|Phrenology: not what we currently consider|
an accurate representation of the brain.
Just so you're prepared, the story ends: in two weeks I'm having brain surgery.
Or maybe that's how the story should begin.
In two weeks I'm having brain surgery. Four and a half years ago, on Christmas eve, I had a huge seizure, and in the hospital that night, my brain tumor was discovered. Six weeks later, a wonderful neurosurgeon at Duke did surgery and removed a solid chunk of material from the middle of the part of my brain that controls language. The surgery was a great success. It stopped the remaining parts of the tumor from growing. And when the tumor did start to grow a bit two years later, I went on a pretty easygoing chemotherapy, and that stopped it again.
There have been effects, of course. Until my Star-Wars-loving neurologist got me on the right medicines, I had seizures, and I wasn't allowed to drive for years. The surgery had small effects on my language and my memory. I've probably already told you the story that characterizes my word-finding challenges, but here it is:
Within a couple of months of the surgery, I was in the car with Walter, talking about something, and I discovered a spot where a word was supposed to be, but it wasn't there.
"Dammit!" I said. "It's a word. It means big, exaggerated, over the top!"
"I can't think of it!"
He then said, "It starts with 'hy.'"
"Hyperbole!" I announced, both relieved and a bit disappointed. I'd thought of the word. But I'd needed clues.
When I told people this story immediately after it happened, almost everyone tried to encourage me by telling me that they didn't know that word to begin with! Hell, nobody knows the word hyperbole!
But I knew it. And the fact that it had disappeared was an effect of the surgery. It's not a big thing--I'm able to teach easily, to write, to maintain conversations. I've published academic articles and a ton of columns for The City Paper. But I often have to start stories by saying, "I've probably already told you this, but..." I often have to change my sentence halfway through when I realize that I'm approaching a word that isn't going to come to me. I have to write things down the moment I think of them or they'll disappear. I forget names, even names I know.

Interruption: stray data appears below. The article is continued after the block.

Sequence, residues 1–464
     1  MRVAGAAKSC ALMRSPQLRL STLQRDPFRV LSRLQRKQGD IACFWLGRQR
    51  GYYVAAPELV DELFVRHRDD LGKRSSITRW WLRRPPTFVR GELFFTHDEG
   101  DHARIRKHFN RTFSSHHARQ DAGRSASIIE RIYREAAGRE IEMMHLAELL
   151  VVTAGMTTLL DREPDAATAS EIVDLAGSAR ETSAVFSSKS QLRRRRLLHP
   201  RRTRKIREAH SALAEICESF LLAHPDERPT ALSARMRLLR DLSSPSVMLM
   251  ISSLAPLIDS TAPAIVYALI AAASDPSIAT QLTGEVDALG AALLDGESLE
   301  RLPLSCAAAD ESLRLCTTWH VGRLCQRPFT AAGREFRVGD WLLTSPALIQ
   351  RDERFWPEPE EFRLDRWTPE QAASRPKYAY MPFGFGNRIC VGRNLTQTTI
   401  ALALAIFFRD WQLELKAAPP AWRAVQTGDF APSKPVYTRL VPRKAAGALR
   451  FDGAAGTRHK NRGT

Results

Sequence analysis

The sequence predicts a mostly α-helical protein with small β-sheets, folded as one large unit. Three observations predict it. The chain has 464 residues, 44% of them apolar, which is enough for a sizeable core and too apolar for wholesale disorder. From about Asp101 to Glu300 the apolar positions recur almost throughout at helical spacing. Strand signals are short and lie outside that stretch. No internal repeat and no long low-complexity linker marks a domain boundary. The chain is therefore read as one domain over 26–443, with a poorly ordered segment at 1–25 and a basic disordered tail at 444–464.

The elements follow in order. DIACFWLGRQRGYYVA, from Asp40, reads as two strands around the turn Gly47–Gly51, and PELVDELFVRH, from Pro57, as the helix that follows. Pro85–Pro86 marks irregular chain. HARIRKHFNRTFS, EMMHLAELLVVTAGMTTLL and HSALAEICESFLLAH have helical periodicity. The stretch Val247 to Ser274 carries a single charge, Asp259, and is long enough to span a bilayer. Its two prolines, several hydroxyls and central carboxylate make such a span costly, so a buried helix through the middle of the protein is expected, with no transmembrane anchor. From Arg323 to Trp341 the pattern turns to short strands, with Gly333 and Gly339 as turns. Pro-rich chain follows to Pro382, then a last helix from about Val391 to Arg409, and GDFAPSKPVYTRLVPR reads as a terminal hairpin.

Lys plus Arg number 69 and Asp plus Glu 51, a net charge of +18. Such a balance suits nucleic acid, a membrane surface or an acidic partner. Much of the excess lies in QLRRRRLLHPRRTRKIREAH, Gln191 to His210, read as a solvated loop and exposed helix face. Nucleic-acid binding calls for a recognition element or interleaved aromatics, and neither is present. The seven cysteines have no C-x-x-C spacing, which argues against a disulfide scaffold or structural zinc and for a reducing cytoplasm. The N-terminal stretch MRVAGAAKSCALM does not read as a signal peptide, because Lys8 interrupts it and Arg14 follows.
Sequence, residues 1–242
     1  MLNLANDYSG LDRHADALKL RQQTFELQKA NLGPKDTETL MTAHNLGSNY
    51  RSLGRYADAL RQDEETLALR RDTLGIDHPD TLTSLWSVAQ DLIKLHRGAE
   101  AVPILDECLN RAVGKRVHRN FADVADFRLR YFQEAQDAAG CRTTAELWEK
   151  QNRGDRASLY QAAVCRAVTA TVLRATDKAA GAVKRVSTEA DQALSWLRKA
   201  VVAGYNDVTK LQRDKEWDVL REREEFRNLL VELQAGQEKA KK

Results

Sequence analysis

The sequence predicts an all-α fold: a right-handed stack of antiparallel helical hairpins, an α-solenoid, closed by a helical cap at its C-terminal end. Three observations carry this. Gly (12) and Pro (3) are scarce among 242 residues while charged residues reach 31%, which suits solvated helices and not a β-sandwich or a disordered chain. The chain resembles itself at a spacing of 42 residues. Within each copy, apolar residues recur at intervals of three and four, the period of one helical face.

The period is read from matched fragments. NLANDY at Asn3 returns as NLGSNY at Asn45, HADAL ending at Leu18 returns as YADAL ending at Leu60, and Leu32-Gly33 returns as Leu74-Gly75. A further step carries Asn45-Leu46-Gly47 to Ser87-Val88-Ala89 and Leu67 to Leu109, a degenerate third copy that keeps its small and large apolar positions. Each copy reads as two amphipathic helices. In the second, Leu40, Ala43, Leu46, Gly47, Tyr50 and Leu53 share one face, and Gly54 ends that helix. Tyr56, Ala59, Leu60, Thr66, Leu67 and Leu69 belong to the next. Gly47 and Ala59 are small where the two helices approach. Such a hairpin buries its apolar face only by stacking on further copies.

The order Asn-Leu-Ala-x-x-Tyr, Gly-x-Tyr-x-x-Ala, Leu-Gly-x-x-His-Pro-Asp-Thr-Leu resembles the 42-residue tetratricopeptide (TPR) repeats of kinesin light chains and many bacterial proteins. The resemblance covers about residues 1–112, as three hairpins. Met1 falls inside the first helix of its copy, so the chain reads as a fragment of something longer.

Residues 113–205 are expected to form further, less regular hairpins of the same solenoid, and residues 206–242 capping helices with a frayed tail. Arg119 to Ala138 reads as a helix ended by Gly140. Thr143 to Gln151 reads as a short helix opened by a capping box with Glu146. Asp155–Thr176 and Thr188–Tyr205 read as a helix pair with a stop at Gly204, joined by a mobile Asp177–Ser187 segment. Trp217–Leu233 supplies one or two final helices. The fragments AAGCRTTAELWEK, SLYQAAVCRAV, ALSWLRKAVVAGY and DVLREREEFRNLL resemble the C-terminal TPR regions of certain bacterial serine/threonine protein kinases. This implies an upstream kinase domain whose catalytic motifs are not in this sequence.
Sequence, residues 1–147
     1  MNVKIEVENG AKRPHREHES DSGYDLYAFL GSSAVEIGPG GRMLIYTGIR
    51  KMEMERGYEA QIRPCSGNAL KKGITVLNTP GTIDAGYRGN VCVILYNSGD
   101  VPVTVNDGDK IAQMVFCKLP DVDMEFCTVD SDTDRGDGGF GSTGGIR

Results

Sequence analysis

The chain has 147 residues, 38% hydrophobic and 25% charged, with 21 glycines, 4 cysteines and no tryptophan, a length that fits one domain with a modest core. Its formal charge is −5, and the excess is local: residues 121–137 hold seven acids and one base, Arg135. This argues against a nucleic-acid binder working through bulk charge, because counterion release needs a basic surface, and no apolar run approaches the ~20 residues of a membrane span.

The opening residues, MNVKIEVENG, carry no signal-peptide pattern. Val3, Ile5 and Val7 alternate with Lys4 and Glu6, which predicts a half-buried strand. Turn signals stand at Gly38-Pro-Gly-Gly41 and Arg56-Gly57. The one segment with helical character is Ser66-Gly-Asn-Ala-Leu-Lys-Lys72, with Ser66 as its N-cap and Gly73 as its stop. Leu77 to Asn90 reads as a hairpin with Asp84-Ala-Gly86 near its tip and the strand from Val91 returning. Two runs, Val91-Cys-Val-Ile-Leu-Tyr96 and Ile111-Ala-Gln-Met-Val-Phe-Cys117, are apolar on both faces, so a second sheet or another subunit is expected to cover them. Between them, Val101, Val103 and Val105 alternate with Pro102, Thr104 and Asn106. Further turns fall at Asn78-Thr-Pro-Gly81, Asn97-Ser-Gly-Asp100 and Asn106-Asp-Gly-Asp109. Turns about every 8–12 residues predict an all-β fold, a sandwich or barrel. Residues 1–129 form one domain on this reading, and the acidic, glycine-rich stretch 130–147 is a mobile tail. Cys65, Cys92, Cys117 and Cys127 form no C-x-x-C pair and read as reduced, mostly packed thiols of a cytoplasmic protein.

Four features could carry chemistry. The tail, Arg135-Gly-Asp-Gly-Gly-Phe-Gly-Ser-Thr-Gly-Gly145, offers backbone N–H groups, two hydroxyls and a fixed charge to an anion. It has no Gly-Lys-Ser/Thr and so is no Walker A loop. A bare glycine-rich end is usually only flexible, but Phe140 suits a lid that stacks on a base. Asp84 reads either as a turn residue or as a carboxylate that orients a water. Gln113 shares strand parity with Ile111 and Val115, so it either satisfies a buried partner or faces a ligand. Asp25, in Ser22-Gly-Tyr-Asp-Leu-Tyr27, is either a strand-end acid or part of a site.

I get that everyone 35 and up reading this will tell me that they're experiencing this very thing. And I hear this--and see it--from enough of my middle-aged friends that I acknowledge that it's true. It's easy for me to blame everything on the tumor, and that form of paranoia isn't helpful.
And yet let me clarify this point: other people have forgotten about my brain tumor. Of course they have--its effects are minimal, and they aren't apparent to other people. But since December 25, 2009, I've thought about the tumor many times a day. I blame things on it i part because I never forget about it. Sometimes I'm aware of it simply as part of my body, while other times I fear that it'll grow and that I'll die.
Now it's growing. I've made my uncle, who's a neurosurgeon, assure me more than once that this growth doesn't mean I'm going to die soon. What it means is that I'm going to have surgery. My Duke neurosurgeon is going to explore the remaining tumor, tumor that has infiltrated my brain tissue. When he takes out tumor, he'll also be taking out part of my brain. And as I mentioned, the tumor is in the language center of my brain.
I asked my uncle how I decide: if I allow the neurosurgeon to take out more of the tumor, I'll live longer, and I'll lose language ability--ability that in many ways defines who I am. How do I choose? My uncle said, "You don't choose. You'll get both--language and being alive." I heard what he said. I wrote it down.
And this is still prowling around inside me, a question of my priorities. My #1 priority, which I can recognize with no ambivalence, is being alive for Maybelle. But language--talking, writing, thinking, being outraged, being passionate, being curious, being able to connect with the people I love--is a significant second priority. So important that it's a millimeter below priority #1.
I hope that I don't have to choose. I hope that the surgery will help me to have years and years and years of life. And I hope that within weeks or months of the surgery, possibly with speech therapy and coaching, I'm back to being a person in love with language and able to use it. If it's a few notches lower, I can accept that.
But how many notches? What will that be like? How can I choose?
*If you're interested in other posts about brain-tumor-land, here they are:
- Guest room
- "You are AWESOME!" "No, YOU'RE more awesome!"
- Gratitude. And pain.
- Two penguins walk into a bar
Of course you can always click on the top of the blog to get the newest info/thoughts/etc.